We can compute the error in our integral estimate by first analyzing individual intervals. $$\int_{a+jh}^{a+(j+1)h} f(x)~dx - h\,f \big(a+(\,j+\tfrac{1}{2})h\big) = \frac{h^3}{24} f''(z_j)$$ for some $z_j \in \big(a+jh, a+(j+1)h\big).$

To simplify things, lets just say that we know that $|f''(x)|<M$ for each $x \in [a,b]$ and some $M > 0$. Then $|f''(z_j)| <M$ for each $j$. This gives a bound on on the absolute error over the interval which is independent of $j$: $$\left|\int_{a+jh}^{a+(j+1)h} f(x)~dx - h\,f \big(a+(\,j+\tfrac{1}{2})h\big)\right| < \frac{h^3 }{24} M.$$ Adding these errors gives a bound on the absolute error for our approximation: $$\left|\int_a^b f(x)~dx - h \sum_{j=0}^{N-1} f\big(a+(j+\tfrac{1}{2})h\big)\right| < N \cdot \frac{h^3 }{24} M.$$ Recalling that $h=(b-a)/n$, we can simplify the error term: $$N \cdot \frac{h^3 }{24} M = N \cdot \frac{(b-a)^3 M}{24 N^3}= \frac{(b-a)^3 M}{24 N^2}.$$ Thus, the error term shrinks rapidly as $N$ increases: Doubling $N$ decreases our bound on the error by a factor of $1/4$. We can formalize our estimate below:

Theorem (Error for the Composite Midpoint Rule). Assume $f$ has a continuous second derivative on $[a,b]$. Then $$\int_a^b f(x)~dx = h \sum_{j=0}^{N-1} f\big(a+(\,j+\tfrac{1}{2})h\big) + {\mathcal O}(\tfrac{1}{N^2}) \quad \text{as N \to \infty},$$ where $h=(b-a)/N.$ A more precise bound on the absolute value of the error is $\frac{(b-a)^3 M}{24 N^2}$ where $M$ is a bound on $|f''(x)|$ with $x \in [a,b]$.

## Code for the composite midpoint rule¶

Here is a general midpoint rule implementation for approximating $$\int_a^b f(x)~dx$$ using $N$ intervals $[a,b]$:

In :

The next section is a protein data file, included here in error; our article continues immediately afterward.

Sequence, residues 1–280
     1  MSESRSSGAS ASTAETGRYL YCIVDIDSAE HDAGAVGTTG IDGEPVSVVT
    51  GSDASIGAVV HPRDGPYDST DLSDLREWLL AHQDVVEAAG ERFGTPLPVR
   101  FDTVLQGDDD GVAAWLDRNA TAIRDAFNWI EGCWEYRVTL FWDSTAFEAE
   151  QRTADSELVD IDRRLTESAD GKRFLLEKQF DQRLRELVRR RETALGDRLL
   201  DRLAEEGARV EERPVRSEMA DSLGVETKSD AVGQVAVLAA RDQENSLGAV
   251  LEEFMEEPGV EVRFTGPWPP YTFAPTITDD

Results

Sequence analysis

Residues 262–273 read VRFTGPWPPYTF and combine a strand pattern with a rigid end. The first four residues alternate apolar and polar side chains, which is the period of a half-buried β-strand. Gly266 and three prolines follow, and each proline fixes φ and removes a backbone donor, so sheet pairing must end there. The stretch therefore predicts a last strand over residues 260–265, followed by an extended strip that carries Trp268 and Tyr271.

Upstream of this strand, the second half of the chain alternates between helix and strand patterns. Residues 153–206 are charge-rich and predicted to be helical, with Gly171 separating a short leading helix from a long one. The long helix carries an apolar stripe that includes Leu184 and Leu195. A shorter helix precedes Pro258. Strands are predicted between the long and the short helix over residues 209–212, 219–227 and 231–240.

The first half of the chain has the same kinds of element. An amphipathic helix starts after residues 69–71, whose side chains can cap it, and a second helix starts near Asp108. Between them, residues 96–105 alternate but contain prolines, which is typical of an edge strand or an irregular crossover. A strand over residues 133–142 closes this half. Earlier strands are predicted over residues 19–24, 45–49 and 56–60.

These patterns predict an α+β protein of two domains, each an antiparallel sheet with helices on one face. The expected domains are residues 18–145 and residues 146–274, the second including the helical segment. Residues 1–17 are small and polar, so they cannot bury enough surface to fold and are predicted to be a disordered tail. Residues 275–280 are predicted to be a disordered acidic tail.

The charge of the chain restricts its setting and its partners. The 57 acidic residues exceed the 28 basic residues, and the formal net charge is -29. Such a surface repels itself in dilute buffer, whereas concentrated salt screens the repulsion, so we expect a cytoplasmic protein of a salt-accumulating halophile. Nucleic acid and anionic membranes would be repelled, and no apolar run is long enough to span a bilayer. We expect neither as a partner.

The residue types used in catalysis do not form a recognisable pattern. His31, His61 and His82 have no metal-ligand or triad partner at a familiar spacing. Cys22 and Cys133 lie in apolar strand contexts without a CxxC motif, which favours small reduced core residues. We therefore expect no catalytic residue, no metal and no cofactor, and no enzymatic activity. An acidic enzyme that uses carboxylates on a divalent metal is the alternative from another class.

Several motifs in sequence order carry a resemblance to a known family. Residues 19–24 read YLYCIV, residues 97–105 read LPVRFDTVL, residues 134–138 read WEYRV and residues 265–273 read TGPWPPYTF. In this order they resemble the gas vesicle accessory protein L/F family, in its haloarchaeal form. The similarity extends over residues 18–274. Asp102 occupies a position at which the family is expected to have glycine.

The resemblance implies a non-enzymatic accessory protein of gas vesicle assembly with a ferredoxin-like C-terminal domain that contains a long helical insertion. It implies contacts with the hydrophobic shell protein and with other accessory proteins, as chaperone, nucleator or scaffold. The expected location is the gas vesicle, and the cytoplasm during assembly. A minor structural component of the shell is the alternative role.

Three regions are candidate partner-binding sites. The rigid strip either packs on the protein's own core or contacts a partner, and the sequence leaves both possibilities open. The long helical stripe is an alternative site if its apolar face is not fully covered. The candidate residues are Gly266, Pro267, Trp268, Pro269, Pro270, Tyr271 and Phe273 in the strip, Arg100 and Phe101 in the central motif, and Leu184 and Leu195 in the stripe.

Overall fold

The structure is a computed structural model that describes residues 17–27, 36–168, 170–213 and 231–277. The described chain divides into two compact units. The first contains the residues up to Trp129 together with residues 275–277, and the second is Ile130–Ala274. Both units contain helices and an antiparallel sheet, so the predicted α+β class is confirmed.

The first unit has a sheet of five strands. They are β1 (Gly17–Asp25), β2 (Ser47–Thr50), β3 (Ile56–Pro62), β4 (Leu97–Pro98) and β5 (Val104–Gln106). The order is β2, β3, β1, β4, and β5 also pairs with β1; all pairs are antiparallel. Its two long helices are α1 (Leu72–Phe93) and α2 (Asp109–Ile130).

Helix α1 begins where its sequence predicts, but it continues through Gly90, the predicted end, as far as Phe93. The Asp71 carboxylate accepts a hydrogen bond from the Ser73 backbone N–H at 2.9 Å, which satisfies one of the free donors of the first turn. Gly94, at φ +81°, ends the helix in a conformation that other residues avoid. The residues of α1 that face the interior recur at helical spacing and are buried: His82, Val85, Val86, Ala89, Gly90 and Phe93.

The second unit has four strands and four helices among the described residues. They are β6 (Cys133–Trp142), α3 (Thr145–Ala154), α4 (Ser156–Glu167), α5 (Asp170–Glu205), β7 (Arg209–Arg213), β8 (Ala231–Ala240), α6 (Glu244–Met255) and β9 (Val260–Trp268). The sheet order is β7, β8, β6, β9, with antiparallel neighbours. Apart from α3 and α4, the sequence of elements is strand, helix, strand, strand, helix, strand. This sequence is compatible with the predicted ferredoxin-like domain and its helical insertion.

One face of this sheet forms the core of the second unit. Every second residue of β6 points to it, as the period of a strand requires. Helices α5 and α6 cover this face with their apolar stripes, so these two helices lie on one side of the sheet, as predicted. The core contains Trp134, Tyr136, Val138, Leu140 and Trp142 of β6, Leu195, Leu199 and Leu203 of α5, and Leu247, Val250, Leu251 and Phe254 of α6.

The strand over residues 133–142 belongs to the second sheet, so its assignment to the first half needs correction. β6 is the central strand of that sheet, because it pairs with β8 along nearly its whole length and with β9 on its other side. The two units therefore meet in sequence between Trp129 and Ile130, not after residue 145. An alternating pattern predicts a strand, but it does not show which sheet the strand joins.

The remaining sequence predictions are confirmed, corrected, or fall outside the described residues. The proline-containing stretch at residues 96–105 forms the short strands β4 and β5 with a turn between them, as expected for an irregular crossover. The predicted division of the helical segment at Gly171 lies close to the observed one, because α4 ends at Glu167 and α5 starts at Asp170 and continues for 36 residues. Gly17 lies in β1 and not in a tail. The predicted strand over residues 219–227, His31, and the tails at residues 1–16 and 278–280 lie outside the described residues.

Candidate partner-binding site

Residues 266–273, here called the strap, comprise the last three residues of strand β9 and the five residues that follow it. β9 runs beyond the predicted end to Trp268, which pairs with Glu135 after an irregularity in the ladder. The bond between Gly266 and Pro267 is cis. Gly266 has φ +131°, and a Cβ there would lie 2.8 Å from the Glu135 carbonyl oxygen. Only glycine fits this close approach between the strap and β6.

def midpoint_rule(f, a, b, N):
# total will store the sum of the function
# evaluated over the midpoints.
total = 0.0
h = (b-a)/N
for j in range(N):
total += f(a + (j+0.5)*h)
return h*total


Remark. The above is an implementation in Python 3 without using any libraries. The book TAK implements the same algorithm using numpy. See page 60.

### Example¶

Define $$f(x)=\frac{16 x - 16}{x^4 - 2 y^3 + 4y - 4}.$$ It turns out that $$\pi = \int_0^1 f(x)~dx.$$ Let us use the midpoint rule to estimate $\pi$ for $N=2^k$ intervals. First we plot $f$:

In :
f = lambda x: (16*x-16)/(x**4 - 2*x**3 + 4*x -4)
x = np.linspace(0,1)
plt.plot(x,f(x))
plt.show() Below we print out the estimate and errors for each $k$. We also store off the values into lists for plotting below.

In :
k_list = []
err_list = []
for k in range(0,11):
N = 2**k
estimate = midpoint_rule(f, 0, 1, N)
abs_error = abs(estimate - m.pi)
print("N={} est={} err={}".format(N,estimate,abs_error))
k_list.append(k)
err_list.append(abs_error)

N=1 est=3.657142857142857 err=0.5155502035530639
N=2 est=3.2913983994719906 err=0.14980574588219753
N=4 est=3.181774915934729 err=0.040182262344935715
N=8 est=3.151904308497749 err=0.010311654907956047
N=16 est=3.144190011306492 err=0.0025973577166986672
N=32 est=3.142243265536135 err=0.0006506119463418614
N=64 est=3.141755387082479 err=0.00016273349268569604
N=128 est=3.1416333420101683 err=4.068842037519005e-05
N=256 est=3.1416028260105815 err=1.01724207883791e-05
N=512 est=3.141595196714728 err=2.543124935083796e-06
N=1024 est=3.1415932893722527 err=6.357824595681905e-07


Here is a plot of the pairs (k, abs_error).

In :
# Plot points (k, log_4 abs_error)
plt.plot(k_list,err_list,"o")
plt.show() It is hard to see the difference in values with $k>4$. To see better we can plot the logarithm of the values. Here we plot pairs $$(k, \log_4 E_k)$$ where $E_k$ is the error when $N=2^k$. We chose a base of $4$ because we expect $E_k$ to decrease by a factor of $\frac{1}{4}$ when $k$ increases by one. Thus we expect $$\log E_{k+1} \approx -1 + \log_4 E_k.$$ In other words, we expect to approximately see a line of slope $-1$.

In :
plt.axes().set_aspect('equal')